In a score of minutes Garbetts came back with an anxious and crest-fallen countenance.

“ Ye've seen 'um ? " the Captain said. “ Why, yes," said Garbetts.

“ And when is it for ? ” asked Costigan, trying the lock of one of the ancient pistols, and bringing it to a level with his oi - as he called that blood-shot orb.

“ When is what for ?" asked Mr. Garbetts. “ The meeting, my dear fellow ? "

“You don't mean to say you mean mortal combat, Captain ? " Garbetts said, aghast.

“What the devil else do I mean, Garbetts ?-I want to shoot that man that has trajuiced me honor, or meself dthrop a victim on the sod.”

“D— if I carry challenges,” Mr. Garbetts replied. “I'm a family man, Captain, and will have nothing to do with pistols -- take back your letter;" and, to the surprise and indignation of Captain Costigan, his emissary flung the letter down, with its great sprawl. ing superscription and blotched seal.

“Ye don't mean to say ye saw 'um and did n't give 'um the letter ?” cried out the Captain, in a fury.

“I saw him, but I could not have speech with him, Captain,” said Mr. Garbetts.

“And why the devil not?” asked the other.

“ There was one there I cared not to meet, nor would you,” the tragedian answered in a sepulchral voice. "The minion Tatham was there, Captain."

“ The cowardly scoundthrel !” roared Costigan. “He's frightened, and already going to swear the peace against me."

“I'll have nothing to do with the fighting, mark that,” the tragedian doggedly said, “and I wish I'd not seen Tatham neither, nor that bit of — "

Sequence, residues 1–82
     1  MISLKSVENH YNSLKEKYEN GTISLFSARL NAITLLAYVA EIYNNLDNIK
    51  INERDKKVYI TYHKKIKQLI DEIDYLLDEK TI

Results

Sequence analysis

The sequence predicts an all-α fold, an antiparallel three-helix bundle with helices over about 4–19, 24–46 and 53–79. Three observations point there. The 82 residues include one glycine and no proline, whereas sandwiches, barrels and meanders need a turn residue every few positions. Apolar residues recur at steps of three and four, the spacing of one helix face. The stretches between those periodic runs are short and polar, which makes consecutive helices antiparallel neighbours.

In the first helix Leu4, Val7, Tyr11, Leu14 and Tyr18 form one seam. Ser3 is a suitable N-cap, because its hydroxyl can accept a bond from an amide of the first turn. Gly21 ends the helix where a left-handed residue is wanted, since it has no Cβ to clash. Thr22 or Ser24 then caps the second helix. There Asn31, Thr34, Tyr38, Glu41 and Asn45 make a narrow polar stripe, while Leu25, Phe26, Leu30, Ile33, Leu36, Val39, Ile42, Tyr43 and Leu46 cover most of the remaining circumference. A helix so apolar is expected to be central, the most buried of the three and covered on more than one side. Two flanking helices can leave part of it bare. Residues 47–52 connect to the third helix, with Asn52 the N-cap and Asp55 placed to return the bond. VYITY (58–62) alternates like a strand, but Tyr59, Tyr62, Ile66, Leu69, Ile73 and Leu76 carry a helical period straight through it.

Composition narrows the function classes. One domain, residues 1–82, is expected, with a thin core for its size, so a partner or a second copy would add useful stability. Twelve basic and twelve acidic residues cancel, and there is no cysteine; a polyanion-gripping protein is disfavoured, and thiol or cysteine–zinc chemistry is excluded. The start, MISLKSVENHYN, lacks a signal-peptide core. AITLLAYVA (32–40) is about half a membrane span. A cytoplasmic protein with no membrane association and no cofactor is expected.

“Hold your tongue! Bob Acres. It's my belief ye're no better than a coward,” said Captain Costigan, quoting Sir Lucius O'Trigger, which character he had performed with credit, both off and on the stage, and after some more parley between the couple they separated in not very good humor.

Their colloquy has been here condensed, as the reader knows the main point upon which it turned. But the latter will now see how it is impossible to give a correct account of the letter which the Captain wrote to Major Pendennis, as it was never opened at all by that gentleman.

When Miss Costigan came home from rehearsal, which she did in the company of the faithful Mr. Bows, she found her father pacing up and down their apartment in a great state of agitation, and in the midst of a powerful odor of spirits-and-water, which, as it appeared, had not succeeded in pacifying his disordered mind. The Pendennis papers were on the table surrounding the empty goblets and now useless teaspoon, which had served to hold and mix the Captain's liquor and his friend's. As Emily entered he seized her in his arms, and cried out, “ Prepare yourself, me child, me blessed child,” in a voice of agony, and with eyes brimful of tears.

“ Ye're tipsy again, Papa," Miss Fotheringay said, pushing back her sire. “Ye promised me ye would n't take spirits before dinner.”

“It's to forget me sorrows, me poor girl, that I've taken just a drop," cried the bereaved father — “it's to drown me care that I drain the bowl.”

“Your care takes a deal of drowning, Captain dear," said Bows, mimicking his friend's accent; “what has happened ? Has that soft-spoken gentleman in the wig been vexing you ?”

“ The oily miscreant! I'll have his blood !” roared Cos. Miss Milly, it must be premised, had fled to her room out of his embrace, and was taking off her bonnet and shawl there.

“I thought he meant mischief. He was so uncommon civil,” the other said. “What has he come to

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"O Bows! He has overwhellum'd me,” the Captain said. “There's a hellish conspiracy on foot against me poor girl; and it's me opinion that both